Equity-Based funding can also provide more space for flexibility. For example, EHE Capital recently concluded a deal in which the entrepreneur can claim equity back from the investor when the business hits certain milestones, providing security to the investor while giving the entrepreneur a powerful motivation to meet their targets. It’s solutions like this that put EHE Capital ahead of the game when it comes to helping entrepreneurs find the right funding balance.
What makes a great investor?
EHE Capital specialises in matching the right investor with the right entrepreneur. In practice, this will vary from business to business, but there are a few principles that guide us in all cases.
Elliot: “It’s got to be about investors bringing more than cash to the table, because most businesses with high-growth aspirations need lots of support during the process. Generally they have a foundation they need to build on, and they need people throughout the process who can help them build upon that foundation.”
Some of the most important qualities to look for in a good investor include:
- Trusting your management team to get on with their jobs.
- Sharing your vision for the business.
- Having a wide network of contacts and is prepared to make introductions.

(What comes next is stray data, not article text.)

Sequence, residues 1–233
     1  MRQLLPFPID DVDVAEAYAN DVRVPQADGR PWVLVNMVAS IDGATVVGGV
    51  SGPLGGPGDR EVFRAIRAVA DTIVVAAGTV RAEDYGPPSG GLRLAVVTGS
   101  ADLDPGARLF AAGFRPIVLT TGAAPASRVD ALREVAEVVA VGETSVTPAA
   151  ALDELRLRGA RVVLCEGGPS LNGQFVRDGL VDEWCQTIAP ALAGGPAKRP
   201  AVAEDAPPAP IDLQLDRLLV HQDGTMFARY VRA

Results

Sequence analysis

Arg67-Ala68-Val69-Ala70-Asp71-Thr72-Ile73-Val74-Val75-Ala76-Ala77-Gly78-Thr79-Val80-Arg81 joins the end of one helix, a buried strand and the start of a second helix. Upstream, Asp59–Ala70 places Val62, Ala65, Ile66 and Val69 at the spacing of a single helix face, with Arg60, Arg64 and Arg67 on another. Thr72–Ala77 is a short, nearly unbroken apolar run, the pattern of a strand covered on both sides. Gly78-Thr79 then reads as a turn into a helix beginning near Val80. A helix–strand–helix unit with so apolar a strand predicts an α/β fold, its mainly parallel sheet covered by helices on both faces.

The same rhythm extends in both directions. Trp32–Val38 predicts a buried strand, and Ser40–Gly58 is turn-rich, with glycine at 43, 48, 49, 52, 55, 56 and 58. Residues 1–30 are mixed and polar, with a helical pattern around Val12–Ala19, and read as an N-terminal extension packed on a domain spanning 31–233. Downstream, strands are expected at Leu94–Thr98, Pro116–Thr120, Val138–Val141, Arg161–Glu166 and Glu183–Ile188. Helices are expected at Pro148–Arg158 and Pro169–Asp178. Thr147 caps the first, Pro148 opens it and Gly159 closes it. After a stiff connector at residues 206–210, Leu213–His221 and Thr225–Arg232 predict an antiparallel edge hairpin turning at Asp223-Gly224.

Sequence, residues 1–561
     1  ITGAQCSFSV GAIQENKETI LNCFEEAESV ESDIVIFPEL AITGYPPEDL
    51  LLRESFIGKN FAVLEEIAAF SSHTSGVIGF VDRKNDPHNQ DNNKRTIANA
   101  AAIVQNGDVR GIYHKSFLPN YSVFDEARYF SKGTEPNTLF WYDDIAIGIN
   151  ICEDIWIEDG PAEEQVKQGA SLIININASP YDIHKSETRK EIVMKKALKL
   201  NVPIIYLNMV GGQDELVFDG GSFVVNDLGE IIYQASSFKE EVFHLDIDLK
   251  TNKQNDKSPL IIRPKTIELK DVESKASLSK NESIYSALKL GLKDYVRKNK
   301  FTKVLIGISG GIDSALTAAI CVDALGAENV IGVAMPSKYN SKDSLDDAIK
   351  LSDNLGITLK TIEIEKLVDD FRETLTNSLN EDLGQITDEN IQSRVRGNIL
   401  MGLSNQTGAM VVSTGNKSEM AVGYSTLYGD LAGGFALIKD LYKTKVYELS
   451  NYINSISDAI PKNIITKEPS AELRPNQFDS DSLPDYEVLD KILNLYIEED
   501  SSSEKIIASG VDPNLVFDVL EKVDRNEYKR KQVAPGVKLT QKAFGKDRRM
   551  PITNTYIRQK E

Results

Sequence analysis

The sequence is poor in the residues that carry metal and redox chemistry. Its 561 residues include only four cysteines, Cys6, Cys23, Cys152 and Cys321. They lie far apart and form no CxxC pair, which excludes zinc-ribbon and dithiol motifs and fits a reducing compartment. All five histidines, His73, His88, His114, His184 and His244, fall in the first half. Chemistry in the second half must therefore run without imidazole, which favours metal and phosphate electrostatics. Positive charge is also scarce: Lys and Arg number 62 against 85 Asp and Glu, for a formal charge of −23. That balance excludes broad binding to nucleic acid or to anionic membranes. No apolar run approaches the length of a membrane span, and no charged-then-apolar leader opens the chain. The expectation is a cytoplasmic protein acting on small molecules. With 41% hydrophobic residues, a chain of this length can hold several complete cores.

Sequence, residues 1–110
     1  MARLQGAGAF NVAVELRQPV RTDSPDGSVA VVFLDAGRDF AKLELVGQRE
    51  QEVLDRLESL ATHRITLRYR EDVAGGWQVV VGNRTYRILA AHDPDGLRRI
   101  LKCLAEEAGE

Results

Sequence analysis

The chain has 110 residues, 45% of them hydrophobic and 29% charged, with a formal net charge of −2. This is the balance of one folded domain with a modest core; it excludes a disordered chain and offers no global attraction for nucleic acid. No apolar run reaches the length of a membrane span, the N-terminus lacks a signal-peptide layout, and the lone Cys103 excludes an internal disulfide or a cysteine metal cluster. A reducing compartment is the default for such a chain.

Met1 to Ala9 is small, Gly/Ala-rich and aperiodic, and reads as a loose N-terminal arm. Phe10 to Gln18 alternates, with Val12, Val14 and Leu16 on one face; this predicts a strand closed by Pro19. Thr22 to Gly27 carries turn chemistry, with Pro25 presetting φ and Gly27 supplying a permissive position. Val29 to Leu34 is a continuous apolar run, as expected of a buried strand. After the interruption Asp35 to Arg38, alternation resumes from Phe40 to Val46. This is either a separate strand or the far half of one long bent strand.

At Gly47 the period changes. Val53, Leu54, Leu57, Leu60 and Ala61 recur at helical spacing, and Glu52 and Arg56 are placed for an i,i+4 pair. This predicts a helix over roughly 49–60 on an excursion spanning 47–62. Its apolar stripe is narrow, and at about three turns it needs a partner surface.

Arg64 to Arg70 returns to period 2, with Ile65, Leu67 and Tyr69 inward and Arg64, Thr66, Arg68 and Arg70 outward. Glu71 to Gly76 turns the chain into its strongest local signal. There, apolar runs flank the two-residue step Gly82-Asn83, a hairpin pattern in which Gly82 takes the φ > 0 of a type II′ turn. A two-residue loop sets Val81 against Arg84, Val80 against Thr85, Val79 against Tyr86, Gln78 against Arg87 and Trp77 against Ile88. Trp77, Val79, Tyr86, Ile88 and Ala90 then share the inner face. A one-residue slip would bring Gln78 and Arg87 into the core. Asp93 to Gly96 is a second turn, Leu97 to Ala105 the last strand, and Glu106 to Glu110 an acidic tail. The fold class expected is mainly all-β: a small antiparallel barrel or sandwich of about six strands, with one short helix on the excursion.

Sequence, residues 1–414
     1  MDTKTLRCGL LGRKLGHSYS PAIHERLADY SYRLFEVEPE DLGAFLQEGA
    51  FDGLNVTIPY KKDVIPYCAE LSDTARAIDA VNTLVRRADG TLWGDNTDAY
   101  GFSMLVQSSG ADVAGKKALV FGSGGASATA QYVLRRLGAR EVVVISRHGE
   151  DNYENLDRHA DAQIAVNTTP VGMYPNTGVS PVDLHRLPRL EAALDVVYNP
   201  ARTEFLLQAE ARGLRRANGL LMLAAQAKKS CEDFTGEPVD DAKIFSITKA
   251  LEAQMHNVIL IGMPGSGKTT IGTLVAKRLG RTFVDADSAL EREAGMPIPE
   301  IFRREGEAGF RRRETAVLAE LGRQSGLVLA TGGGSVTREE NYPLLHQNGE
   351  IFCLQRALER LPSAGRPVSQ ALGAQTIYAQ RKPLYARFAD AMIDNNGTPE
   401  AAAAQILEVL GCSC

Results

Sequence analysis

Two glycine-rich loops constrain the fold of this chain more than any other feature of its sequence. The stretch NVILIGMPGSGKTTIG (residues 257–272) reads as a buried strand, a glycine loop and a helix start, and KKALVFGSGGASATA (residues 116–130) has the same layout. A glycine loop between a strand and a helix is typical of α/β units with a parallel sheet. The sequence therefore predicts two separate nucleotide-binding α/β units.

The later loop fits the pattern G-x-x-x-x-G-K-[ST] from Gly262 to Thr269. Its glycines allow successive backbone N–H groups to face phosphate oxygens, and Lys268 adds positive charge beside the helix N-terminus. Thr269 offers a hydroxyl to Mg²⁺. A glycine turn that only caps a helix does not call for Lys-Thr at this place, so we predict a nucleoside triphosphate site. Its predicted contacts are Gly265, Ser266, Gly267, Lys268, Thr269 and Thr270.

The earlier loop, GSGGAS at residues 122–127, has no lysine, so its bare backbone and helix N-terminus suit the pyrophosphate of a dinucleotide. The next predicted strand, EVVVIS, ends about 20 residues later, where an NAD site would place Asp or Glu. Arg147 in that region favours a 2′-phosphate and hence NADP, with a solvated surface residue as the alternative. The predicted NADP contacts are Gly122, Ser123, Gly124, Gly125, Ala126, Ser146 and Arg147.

- Having industry experience and a record of past success.
- Being prepared to give time to your business, and perhaps to join as a non-exec or investor-director.
Whilst some of the traits you’ll want to avoid are:
- Meddling with day-to-day business operations.
- Lacking a deep understanding of your sector.
- Not adding value to your growth plan.
- Not aligned with your vision
- Simply looking for the highest returns with the shortest turnaround
This is just a taste of what you’ll find in Elliot and Ross’ sections of our upcoming book Fast Growth Through Funding, so if you’d like to hear more please sign up to our community so that you’ll be the first to hear news of its upcoming release.
If you’re an entrepreneur looking to find out more about funding, due diligence or being investor ready, then submit your details through our website today. We have resources to help with pitch decks, business plans, and lots more info on funding models. If you’re an investor looking to be matched with entrepreneurs, then please get in touch through the “Looking to Invest?” tab on the EHE Capital homepage.
When investments go wrong
When an entrepreneur is presented with a deal that could cover their operating costs for the next twelve or twenty-four months, it can be tempting to shake on it straight away. However, there are all sorts of things that can go wrong if you rush into an investment relationship without doing your due diligence.